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Posts Tagged ‘Peace’

Parenting with Mindfulness

August 28, 2013 10 comments

My sweet boys

My sweet boys

A few weeks ago I was up all night with my newborn John. I had an extremely busy day planned, and no matter what i tried, he refused to go to sleep. As the hours ticked away, I could feel myself grow increasingly frustrated. I really wasn’t in the mood for this, I really didn’t have time for this, I really needed sleep so that I could go to work and be productive… Then it hit me. This will pass, and very quickly. Too quickly…

Obviously John wasn’t feeling well, and he was depending on me for comfort and care. While we were apparently getting our signals mixed, he still needed me, and I needed to let go of being frustrated. While I don’t relish sleepless nights with newborns, it seems like just yesterday I was on the alternating night shift routine with my wife, so that we could watch and take care of our oldest son Jase… and Jase started school two weeks ago.

I remember with Jase I couldn’t wait for his next stage of development. I couldn’t wait until he slept all night, I couldn’t wait until he ate solid food, could crawl, walk, be potty-trained, etc. Looking back, most of my anticipation seemed to be driven by more than a dash of selfishness. Once he slept all night, so could I. When he could crawl and then walk, I wouldn’t have to carry him everywhere. Eating solid foods meant I wouldn’t have to constantly prepare and clean bottles. Once potty-trained, I no longer had to check and change diapers every few hours. To say that children grow up too quickly may seem like a cliche, but just looking back over the past 4-1/2 years of Jase’s life, I can tell that it is true.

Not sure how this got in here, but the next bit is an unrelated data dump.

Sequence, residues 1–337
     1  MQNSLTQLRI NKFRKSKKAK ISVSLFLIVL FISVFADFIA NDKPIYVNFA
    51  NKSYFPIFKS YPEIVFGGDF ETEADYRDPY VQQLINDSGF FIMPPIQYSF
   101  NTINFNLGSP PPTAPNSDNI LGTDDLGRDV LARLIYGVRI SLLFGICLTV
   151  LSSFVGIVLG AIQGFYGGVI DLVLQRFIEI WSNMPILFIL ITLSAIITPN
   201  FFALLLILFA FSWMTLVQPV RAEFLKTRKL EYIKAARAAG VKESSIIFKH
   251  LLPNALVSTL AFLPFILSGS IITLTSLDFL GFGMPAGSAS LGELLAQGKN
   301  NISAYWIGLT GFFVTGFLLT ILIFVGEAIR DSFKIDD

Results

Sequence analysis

It is easy to practice mindfulness (the practice of being fully present in each moment), during slow times, meditation, or while conducting a relaxing activity; however, I think that mindfulness is especially important when interacting with our children, no matter how young or old. By being fully present in the moment, we are fully present in life. By being fully present as a parent, we are fully present in our children’s life, which is the most important thing we can do, because only then can we fully interact with our children the way that parents should. Parenting can be tiring and frustrating, but it really is the most important job we have, because our children are mirrors that reflect the lessons and general environment that we provide for them. Our parenting also has a definite impact on the type of adults that our children will grow to be. Will they be impatient, and quick to anger, or will the be kind and understanding? Read more…

Zen Moments


This is my twenty-sixth (and final!) post in a series, where each Monday (if possible) I have tried to post a point of reflection or insight that I used to reflect and meditate on during the week. In order to make it a bit more focused and interesting, I attempted to do this with topics beginning with letters from A to Z. I have found that having a specific topic to reflect and/or meditate on during the week really lent itself to interesting insights and growth, because I not only had several days to reflect and meditate on the topic, but I also had several days to put any lessons and insights that I discovered to work in my every day life. For those that follow me on Twitter (@JasonLivingNow) I tried to write updates as the weekly topics came up during meditations, moments of reflection, or just during everyday life. To view the previous entries in this series, please visit the: Reflections and Insights A Through Z section.